Ever witnessed the aftermath of a natural disaster such as a tornado?
I have seen the shattered remnants of a neighbourhood. Roofless homes with blasted out windows and the scattered detritus of destruction all around are images I am sure that we all share in our media-connected world.
In the wake of the housing mortgage fiasco in the United States that triggered the current global economic crisis other destroyed neighbourhoods of abandoned, boarded-up homes have been added to our common mental photo album. Natural or man-made, calamities like these take a real toll on families and communities. They demand a response.
Fortunately wealthy countries like the United States and Canada usually have had the resources and the political will to address domestic challenges like these. Globally, however, this has not been the case. We know that our lifestyles demand a disproportionate share of the world’s resources.
The on-going catastrophe of global poverty in part owes its continued existence to the inability or unwillingness of the powerful to reform a patently unjust global economic system. Military might too often has been used to maintain or extend economic as well as political hegemony. This has got to change.
According to Project Ploughshare’s (www.ploughshares.ca) recently released 2008 Armed Conflicts Report 40 per cent of the world’s 30 present conflicts afflict Africa. Another nearly 37 per cent are occurring in Asia. The poorest of our world bear the brunt of its violent conflicts.
In a Catholic Register interview last month Ernie Regehr, the founder and senior researcher of this ecumenical agency of the Canadian Council of Churches stated that “You create peace by building the conditions that make it sustainable.” This sentiment was mirrored by Senator Romeo Dallaire when he noted on his September visit to the Yukon that little effort has been expended on conflict avoidance in the multiple wars wracking our world today.
Conflicts rooted in inequality must be addressed at their most fundamental level. We must seek to eliminate the gross disparity in access to the basic requisites for a decent life which are denied a quarter of humanity. Without justice there can be no peace. Or as Pope Paul VI said four decades ago in his famous encyclical Populorum Progressio, “Development is the new name for Peace.”
Project Ploughshares, which seeks to “implement the churches’ call to be peacemakers and to work for a world in which justice will flourish and peace abound” added up the cost of what it took to equip, train, maintain and deploy the armies of the world. It set the figure at $1,297.8 trillion dollars in 2006. The United States comes in as by far the world’s biggest spender at $535.9 billion dollars. The combined expenditures of the rest of the NATO countries, including Canada, follows in at $268.2 billion. China at $121.9 is next, then it is Russia with $70 billion committed to its military.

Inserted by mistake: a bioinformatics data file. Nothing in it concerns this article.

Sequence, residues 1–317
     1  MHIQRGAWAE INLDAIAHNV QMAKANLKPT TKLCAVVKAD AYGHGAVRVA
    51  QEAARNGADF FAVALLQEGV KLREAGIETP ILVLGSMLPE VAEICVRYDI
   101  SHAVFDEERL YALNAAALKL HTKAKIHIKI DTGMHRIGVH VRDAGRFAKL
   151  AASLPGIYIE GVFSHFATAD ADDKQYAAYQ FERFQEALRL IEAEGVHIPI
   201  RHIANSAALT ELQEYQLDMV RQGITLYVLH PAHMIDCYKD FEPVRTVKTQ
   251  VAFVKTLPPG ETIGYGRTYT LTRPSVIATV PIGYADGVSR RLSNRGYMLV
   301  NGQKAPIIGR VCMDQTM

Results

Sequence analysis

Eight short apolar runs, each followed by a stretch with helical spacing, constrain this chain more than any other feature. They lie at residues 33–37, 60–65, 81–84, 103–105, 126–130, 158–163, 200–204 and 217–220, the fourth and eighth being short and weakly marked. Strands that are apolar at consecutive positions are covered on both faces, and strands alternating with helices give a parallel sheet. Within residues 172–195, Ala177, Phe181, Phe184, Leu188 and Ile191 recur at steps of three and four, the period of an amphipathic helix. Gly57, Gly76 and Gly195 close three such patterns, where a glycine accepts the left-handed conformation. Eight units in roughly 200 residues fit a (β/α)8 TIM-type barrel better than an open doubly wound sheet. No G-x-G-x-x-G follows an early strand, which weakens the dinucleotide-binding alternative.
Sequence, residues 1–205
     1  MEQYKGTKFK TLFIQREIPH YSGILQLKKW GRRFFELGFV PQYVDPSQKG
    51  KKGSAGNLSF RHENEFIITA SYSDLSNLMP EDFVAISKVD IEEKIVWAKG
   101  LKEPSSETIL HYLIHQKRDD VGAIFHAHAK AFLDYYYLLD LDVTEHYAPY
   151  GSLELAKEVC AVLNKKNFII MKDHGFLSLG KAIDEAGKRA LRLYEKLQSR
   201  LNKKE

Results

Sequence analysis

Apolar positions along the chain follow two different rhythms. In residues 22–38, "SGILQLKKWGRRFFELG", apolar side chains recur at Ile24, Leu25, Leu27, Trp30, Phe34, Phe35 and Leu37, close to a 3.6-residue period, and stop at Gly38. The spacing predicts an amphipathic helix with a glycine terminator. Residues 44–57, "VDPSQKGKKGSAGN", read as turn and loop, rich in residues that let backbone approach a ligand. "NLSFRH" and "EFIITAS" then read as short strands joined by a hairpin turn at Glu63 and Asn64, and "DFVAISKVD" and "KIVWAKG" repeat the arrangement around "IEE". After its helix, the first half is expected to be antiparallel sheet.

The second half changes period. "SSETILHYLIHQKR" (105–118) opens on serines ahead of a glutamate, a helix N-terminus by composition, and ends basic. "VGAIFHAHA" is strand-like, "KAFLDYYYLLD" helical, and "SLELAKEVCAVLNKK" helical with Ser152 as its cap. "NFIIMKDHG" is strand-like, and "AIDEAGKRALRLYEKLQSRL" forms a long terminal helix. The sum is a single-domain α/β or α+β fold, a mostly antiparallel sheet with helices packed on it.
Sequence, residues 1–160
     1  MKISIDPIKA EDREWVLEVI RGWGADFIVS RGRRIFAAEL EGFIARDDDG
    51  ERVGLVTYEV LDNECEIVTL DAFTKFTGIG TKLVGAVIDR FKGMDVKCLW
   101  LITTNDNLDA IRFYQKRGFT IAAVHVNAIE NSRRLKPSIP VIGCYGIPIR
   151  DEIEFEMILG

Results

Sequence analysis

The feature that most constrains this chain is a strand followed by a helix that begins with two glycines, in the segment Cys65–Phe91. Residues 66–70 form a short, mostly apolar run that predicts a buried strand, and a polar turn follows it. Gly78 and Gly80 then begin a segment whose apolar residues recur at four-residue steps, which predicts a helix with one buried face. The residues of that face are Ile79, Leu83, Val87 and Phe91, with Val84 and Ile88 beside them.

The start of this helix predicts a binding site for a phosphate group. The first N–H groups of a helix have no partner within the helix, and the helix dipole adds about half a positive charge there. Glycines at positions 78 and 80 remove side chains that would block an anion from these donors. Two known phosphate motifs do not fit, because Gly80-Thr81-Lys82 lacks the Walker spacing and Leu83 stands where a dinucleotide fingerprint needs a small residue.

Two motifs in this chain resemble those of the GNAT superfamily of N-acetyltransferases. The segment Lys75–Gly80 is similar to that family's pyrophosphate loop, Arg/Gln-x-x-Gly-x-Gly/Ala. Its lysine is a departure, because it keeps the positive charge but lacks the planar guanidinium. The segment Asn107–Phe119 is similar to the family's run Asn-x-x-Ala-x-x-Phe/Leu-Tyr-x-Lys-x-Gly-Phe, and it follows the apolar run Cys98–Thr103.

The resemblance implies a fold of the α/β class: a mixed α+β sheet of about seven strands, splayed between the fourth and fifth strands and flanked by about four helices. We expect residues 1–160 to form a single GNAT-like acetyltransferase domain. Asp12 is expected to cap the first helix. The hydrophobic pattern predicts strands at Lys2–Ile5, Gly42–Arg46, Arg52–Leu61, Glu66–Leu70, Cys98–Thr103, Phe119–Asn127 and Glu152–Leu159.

President-elect Barack Obama has enormous problems to contend with during his presidency. A mark of his ultimate success will be the degree to which his administration can divert the vast resources his country now spends on its war-making capabilities to peace-building. Obama’s own wars may have more to do with facing off against entrenched vested interests in his own country that any real or imaginary foreign foes.
The 17th annual Global Village Craft Fair will be held on Saturday, November 15th from 11 a.m. to 3 p.m. at a new location, L’Alexandrin (the old Legion Hall) at 306 Alexander Street. Ten Thousand Villages, New Internationalist and other fair trade crafts and products from co-operatives and self-help groups in Africa, Asia and Latin America will be featured. Come support global development initiatives and social justice efforts of Yukoners to build a more caring, peace-filled world. For more information call 633-6579.
Michael Dougherty is co-chair of the social justice committee of Sacred Heart Cathedral of Whitehorse. Contact firstname.lastname@example.org.
Sunday, November 9 — 26th Sunday in Ordinary Time. A suggested reading is Matthew: 1-12.
Sunday, November 9 — Dedication of Saint John Lateran, the oldest of the major basilicas of Rome and holding the place of ecumenical mother church among Roman Catholics, is remembered.
Monday, November 10 — Martin Luther, church reformer and Father of Protestantism, was born on this day in 1483.
Wednesday, November 12 — Birth of Baha’u’llah in 1817, the founder of the Baha’i faith, is celebrated.
Thursday, November 13 — Guru Nanak Dev, the first Sikh teacher and master born in 1469, is honoured.